Is the so-called Christian right driving liberals away from religion?
A new FiveThirtyEight analysis of recent studies suggests it is.
Researchers Amelia Thomson-DeVeaux and Daniel Cox say new data confirmed what a paper suggested in 2002: that “distaste for the Christian right’s involvement with politics was prompting some left-leaning Americans to walk away from religion.” That in turn, helped explain why the percentage of Americans who identify as nonreligious was increasing.
“It was a simple but compelling explanation,” Thomson-DeVeaux and Cox wrote. “For one thing, the timing made sense.”
White evangelical Protestants were becoming more involved in politics in the 1990s, promoting legislation on abortion and same-sex marriage, the researchers noted. The 2002 study asserted that the Christian right wasn’t just rousing religious voters – it was pushing “left-leaning people” with weaker religious ties “out of religion.”
“Within the past few years,” Thomson-DeVeaux and Cox wrote, several “prominent political scientists” have agreed with the 2002 study and “concluded that politics is a driving factor behind the rise of the religiously unaffiliated.”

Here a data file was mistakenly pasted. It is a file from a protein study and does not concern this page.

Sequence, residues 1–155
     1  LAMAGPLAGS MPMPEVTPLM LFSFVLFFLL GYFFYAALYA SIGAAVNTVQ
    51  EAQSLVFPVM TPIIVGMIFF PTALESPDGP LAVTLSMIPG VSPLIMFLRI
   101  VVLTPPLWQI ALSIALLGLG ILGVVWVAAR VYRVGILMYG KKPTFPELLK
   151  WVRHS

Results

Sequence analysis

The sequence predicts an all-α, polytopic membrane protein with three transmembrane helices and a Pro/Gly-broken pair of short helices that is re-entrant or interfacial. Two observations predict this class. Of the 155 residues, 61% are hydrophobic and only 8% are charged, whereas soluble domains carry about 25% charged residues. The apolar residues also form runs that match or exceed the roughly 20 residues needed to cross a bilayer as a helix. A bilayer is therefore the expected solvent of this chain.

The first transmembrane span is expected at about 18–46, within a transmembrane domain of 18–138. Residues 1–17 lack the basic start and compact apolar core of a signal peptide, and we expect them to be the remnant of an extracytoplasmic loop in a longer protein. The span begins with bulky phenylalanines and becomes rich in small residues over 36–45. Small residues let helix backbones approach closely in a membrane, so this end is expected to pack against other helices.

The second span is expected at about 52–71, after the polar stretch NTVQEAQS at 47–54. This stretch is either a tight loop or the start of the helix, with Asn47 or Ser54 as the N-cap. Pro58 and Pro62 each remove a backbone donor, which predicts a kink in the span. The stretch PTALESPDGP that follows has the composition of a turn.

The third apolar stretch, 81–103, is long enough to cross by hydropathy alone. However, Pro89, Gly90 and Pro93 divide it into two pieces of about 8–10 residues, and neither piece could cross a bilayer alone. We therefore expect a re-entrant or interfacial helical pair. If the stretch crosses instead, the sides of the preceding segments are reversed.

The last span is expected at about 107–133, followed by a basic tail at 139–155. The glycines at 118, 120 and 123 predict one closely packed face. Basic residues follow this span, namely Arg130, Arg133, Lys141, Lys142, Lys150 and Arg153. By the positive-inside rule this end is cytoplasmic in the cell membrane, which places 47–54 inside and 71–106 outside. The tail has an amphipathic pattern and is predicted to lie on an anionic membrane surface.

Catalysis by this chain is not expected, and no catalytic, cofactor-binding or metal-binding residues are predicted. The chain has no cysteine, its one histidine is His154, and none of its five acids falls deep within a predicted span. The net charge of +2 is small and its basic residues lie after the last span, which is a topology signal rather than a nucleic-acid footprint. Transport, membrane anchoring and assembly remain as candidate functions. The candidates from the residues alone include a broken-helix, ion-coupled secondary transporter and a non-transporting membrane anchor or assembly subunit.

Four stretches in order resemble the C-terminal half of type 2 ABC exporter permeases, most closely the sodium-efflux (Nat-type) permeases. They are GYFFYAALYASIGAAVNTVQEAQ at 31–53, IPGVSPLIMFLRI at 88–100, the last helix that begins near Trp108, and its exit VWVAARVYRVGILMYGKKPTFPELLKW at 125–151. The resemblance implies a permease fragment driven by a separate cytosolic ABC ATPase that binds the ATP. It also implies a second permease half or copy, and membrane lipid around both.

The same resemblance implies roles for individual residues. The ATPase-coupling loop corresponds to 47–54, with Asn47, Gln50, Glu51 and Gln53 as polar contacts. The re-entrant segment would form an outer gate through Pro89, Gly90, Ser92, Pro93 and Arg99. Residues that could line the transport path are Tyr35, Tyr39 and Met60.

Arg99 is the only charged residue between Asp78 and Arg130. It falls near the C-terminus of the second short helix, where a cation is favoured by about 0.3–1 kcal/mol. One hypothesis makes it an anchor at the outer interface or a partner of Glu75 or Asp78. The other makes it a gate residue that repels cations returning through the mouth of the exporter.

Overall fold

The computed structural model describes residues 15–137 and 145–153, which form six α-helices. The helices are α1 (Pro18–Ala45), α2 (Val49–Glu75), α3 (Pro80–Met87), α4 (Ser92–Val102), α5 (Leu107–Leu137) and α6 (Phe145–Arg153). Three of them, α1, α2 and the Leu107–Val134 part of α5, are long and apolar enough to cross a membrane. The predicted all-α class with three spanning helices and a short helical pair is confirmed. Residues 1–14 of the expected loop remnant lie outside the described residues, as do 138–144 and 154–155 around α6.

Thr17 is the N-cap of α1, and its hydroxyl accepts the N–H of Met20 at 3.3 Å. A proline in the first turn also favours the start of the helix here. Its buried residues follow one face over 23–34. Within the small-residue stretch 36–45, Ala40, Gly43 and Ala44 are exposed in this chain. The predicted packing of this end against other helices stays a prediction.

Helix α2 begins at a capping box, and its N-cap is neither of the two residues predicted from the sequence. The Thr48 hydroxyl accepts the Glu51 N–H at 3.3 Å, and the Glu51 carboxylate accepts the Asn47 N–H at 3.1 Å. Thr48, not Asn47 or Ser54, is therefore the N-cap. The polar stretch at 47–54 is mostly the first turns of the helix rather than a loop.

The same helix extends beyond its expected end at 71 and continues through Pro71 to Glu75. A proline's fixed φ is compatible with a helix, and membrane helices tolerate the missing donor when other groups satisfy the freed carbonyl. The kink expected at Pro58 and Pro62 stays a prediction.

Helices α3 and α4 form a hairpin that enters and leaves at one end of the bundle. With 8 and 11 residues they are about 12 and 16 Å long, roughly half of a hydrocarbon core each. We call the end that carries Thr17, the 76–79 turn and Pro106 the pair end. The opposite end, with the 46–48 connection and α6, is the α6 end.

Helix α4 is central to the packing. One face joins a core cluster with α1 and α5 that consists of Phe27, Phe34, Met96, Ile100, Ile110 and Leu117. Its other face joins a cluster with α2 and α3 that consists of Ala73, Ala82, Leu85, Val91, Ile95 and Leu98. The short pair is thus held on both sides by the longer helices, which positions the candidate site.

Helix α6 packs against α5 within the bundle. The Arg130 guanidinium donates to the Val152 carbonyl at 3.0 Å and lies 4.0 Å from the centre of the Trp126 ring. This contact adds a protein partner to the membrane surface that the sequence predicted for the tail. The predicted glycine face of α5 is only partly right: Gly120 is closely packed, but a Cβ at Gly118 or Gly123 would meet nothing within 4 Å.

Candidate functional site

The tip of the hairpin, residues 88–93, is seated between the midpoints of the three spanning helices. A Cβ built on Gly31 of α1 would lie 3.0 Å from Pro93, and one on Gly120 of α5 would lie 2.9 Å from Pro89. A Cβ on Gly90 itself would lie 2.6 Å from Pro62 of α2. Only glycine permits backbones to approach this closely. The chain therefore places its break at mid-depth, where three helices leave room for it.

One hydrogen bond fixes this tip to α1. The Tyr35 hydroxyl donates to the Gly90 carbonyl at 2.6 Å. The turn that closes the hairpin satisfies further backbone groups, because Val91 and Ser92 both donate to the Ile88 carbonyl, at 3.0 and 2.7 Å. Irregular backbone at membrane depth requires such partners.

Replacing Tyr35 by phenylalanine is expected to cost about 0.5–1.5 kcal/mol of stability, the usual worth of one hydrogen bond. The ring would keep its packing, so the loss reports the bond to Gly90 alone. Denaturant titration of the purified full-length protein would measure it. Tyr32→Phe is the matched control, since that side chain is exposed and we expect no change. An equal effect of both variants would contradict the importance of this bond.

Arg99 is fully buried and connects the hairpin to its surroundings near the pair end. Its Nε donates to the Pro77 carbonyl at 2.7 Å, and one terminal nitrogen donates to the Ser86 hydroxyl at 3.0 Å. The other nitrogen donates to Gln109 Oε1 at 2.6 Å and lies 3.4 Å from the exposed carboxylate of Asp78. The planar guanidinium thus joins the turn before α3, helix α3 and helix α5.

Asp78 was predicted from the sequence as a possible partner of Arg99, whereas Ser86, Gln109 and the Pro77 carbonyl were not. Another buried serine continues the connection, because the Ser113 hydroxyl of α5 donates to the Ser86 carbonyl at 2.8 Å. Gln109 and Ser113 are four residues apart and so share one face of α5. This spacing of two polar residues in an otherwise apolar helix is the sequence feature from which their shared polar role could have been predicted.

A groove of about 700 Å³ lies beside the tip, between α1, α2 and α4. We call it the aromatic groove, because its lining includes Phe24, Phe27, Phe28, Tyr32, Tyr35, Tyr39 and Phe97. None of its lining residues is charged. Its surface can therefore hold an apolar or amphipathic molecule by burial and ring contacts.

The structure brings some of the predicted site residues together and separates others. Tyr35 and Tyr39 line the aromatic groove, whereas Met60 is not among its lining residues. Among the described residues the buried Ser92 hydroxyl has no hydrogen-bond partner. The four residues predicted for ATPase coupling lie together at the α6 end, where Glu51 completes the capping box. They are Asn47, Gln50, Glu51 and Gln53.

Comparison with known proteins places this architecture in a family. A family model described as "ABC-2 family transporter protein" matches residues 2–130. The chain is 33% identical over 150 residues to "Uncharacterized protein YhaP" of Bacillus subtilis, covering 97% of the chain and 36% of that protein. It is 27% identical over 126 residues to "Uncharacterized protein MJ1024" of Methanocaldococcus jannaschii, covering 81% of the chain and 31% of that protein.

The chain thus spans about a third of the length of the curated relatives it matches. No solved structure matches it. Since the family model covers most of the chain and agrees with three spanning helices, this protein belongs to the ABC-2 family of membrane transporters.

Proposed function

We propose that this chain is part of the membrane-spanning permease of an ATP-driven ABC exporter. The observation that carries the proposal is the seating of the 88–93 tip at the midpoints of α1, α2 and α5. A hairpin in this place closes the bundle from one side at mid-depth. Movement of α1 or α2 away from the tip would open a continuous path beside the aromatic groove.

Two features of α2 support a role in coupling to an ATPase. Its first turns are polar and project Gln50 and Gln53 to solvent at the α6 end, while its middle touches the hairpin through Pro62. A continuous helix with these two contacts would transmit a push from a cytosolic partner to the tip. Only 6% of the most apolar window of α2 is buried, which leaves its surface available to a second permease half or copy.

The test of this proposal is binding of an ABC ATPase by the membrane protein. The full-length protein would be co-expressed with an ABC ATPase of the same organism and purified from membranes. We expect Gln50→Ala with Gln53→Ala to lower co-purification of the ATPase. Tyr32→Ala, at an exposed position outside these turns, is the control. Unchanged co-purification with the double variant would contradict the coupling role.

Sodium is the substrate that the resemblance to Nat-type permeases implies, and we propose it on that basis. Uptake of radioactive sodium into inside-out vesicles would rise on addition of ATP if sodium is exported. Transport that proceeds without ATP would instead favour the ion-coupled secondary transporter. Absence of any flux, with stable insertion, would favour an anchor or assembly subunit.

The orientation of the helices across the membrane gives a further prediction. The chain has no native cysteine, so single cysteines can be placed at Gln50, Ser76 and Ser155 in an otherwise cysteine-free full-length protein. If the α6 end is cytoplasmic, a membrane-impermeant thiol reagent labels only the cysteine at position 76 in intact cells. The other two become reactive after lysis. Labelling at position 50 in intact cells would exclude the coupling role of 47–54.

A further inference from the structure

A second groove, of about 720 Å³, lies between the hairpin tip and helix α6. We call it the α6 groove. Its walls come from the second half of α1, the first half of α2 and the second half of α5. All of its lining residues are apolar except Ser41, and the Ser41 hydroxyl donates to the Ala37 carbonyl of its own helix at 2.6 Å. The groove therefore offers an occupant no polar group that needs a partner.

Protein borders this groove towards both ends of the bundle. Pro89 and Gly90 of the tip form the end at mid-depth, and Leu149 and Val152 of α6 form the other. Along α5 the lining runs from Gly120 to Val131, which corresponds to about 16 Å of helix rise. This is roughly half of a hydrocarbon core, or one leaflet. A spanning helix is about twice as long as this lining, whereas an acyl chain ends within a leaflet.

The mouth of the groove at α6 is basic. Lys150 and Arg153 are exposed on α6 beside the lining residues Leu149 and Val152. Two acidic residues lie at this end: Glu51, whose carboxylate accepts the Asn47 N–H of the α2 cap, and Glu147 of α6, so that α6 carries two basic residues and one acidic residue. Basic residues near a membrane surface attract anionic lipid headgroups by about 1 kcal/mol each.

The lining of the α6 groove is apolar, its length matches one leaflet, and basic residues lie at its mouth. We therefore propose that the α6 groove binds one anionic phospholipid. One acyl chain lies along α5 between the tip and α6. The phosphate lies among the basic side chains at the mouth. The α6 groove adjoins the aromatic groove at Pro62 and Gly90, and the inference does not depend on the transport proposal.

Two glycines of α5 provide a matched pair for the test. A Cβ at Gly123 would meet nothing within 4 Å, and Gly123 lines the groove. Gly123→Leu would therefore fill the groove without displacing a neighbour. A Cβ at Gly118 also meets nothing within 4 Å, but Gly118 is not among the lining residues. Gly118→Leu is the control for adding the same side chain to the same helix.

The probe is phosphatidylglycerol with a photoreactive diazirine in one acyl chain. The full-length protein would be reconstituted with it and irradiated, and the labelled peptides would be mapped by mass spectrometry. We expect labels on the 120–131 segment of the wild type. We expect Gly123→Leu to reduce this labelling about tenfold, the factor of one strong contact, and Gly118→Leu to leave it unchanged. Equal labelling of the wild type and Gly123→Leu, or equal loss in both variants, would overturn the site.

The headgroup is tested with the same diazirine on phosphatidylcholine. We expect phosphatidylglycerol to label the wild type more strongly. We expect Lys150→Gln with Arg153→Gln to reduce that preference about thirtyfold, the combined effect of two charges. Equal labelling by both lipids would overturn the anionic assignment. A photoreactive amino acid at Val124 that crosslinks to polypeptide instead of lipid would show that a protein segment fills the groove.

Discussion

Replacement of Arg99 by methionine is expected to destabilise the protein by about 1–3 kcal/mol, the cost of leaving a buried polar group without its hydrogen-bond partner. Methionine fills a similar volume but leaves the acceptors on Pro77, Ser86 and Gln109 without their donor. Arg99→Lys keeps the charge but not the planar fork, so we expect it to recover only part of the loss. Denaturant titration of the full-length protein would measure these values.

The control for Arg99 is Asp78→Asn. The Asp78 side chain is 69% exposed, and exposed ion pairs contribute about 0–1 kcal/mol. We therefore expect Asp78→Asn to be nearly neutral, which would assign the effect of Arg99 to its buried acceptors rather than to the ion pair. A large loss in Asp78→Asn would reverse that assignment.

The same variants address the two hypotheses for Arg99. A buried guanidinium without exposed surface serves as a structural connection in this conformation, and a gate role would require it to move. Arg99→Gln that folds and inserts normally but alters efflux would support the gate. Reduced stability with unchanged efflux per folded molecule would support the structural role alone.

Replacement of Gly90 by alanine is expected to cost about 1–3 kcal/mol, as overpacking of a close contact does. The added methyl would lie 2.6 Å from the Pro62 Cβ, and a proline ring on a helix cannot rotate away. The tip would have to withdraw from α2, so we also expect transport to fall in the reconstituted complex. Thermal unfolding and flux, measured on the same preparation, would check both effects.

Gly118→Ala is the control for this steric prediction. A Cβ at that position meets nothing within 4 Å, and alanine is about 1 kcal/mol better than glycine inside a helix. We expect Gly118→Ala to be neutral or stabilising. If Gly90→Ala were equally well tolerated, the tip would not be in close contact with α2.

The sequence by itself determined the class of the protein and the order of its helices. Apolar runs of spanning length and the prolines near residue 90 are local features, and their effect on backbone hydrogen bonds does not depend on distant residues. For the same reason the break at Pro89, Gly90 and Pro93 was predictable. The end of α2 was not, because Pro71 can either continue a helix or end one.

“For one thing, several studies that followed respondents over time showed that it wasn’t that people were generally becoming more secular, and then gravitating toward liberal politics because it fit with their new religious identity,” Thomson-DeVeaux and Cox wrote. “People’s political identities remained constant as their religious affiliation shifted.”
One study even found that “reading a news story about a Republican who spoke in a church” could “prompt some Democrats to say they were nonreligious,” Thomson-DeVeaux and Cox wrote.
“It’s like an allergic reaction to the mixture of Republican politics and religion,” David Campbell, a political scientist at the University of Notre Dame, told FiveThirtyEight.
Thomson-DeVeaux and Cox acknowledge that the affiliation of these liberals may have been weak from the beginning. The liberals in question “didn’t attend religious services often, perhaps dropping in once or twice a year.” Still, it opened “a rift between conservatives and liberals.”
The trend, they note, makes the Democratic base more nonreligious. It also impacts church outreach and society at large, Campbell warned.
“We have very few institutions left in the country where people who have different political views come together,” he said. “Worship was one of those – and without it, the list is smaller and smaller.”
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Michael Foust is a freelance writer. Visit his blog, MichaelFoust.com.
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